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Cityscape: Volume 16 Number 2 | Article 13


Form Follows Families: Evolution of U.S. Affordable Housing Design and Construction

Volume 16, Number 2

Mark D. Shroder
Michelle P. Matuga

Artists and Bankers and Hipsters, Oh My! Mapping Tweets in the New York Metropolitan Region

Ate Poorthuis
Matthew Zook
University of Kentucky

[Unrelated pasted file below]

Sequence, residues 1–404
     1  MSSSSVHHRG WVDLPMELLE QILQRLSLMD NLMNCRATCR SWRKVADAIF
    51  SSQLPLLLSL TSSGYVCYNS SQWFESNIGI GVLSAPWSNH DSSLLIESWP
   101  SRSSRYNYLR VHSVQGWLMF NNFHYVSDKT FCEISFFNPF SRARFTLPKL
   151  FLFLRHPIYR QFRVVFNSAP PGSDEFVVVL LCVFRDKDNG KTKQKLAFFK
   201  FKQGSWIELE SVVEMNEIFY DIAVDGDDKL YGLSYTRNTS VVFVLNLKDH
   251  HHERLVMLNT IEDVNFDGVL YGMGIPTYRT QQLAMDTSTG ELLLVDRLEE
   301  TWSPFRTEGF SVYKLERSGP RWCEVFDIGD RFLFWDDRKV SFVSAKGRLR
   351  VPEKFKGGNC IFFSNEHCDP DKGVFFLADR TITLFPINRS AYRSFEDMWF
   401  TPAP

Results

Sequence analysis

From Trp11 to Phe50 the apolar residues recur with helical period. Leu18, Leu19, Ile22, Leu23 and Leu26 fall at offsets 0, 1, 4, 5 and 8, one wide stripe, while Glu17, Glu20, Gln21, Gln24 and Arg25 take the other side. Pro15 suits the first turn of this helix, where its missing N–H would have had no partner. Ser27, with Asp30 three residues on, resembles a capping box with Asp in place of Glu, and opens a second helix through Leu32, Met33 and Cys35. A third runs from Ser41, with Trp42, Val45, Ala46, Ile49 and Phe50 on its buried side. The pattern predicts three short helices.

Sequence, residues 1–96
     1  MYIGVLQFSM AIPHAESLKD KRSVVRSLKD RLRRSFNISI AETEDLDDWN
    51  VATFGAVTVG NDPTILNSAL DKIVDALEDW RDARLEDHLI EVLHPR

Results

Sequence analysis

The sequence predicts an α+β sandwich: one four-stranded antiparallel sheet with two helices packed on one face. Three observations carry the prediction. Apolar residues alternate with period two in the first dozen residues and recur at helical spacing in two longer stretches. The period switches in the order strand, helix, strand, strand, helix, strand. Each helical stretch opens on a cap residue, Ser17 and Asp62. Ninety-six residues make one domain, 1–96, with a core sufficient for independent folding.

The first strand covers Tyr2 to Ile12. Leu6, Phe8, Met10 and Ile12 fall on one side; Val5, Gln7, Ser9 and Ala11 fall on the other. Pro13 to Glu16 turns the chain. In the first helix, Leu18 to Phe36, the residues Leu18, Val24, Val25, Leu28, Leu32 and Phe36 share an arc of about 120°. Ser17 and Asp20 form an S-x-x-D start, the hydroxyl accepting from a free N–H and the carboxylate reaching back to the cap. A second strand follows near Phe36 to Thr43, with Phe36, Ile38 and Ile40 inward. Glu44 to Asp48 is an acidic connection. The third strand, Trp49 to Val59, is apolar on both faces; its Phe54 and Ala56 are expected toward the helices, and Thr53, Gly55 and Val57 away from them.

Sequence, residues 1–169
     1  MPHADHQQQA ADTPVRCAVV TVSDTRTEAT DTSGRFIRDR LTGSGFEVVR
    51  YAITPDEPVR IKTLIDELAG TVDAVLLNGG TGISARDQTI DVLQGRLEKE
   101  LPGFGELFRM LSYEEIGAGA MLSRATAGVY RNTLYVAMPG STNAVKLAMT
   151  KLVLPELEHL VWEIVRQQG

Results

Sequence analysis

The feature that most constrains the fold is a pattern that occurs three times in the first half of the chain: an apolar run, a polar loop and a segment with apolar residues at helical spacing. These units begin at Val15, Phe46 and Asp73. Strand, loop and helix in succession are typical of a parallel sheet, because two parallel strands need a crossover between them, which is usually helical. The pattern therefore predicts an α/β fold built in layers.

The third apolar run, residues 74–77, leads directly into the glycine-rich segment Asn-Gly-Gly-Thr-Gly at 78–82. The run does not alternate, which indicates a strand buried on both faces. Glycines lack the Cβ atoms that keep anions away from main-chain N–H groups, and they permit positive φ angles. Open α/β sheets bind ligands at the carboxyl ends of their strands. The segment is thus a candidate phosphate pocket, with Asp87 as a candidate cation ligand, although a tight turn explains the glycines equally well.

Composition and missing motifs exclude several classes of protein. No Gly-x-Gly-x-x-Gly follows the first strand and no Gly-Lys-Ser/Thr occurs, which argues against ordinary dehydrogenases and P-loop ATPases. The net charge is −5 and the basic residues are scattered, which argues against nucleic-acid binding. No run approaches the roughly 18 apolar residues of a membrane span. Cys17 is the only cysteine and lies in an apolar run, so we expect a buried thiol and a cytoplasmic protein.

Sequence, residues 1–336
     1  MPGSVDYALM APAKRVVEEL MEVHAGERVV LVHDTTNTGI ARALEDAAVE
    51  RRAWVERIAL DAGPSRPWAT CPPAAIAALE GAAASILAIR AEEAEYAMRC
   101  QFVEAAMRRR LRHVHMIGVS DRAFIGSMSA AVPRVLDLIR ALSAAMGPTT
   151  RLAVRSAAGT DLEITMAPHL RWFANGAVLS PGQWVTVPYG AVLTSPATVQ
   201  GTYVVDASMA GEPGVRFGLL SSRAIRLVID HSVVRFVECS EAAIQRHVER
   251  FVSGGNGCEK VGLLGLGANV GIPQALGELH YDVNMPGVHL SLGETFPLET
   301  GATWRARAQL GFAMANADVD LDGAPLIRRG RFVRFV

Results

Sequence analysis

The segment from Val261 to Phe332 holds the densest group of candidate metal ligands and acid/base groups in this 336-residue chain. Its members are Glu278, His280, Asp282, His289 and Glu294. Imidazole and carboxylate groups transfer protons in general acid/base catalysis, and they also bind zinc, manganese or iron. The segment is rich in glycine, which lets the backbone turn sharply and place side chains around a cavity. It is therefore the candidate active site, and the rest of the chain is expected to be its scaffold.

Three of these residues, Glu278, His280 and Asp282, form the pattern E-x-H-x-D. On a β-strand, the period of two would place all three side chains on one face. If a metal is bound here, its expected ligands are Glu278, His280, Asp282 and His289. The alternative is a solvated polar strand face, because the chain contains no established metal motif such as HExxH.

The maps in exhibits 1 and 2 are based on all geotagged tweets sent in the New York metropolitan area (as defined by the extent of the maps) between June 2012 and March 2014. By looking at specific variables within Twitter data (that is, the content of tweets and self-descriptions of Twitter users), we are able visualize the spatial distribution of selected cultural-economic indicators and self-defined identities as manifest in this particular dimension of social media. The first map (exhibit 1) is based on tweets with messages containing the words “hipster” (12,319 tweets referencing a subculture associated with progressive politics, indie rock bands, and pretension) or “bro” (239,412 tweets referencing a phrase strongly associated with a college-age partying demographic). The second map (exhibit 2) compares the location of tweets sent by users who self-identified as “bankers” (19,037 tweets) or “artists” (759,027 tweets). Tweet text and user profiles are free form and individuals are free to choose what information to share. The data are drawn from the DOLLY (Digital OnLine Life and You) project at the University of Kentucky that archives an array of geocoded social media, including tweets.

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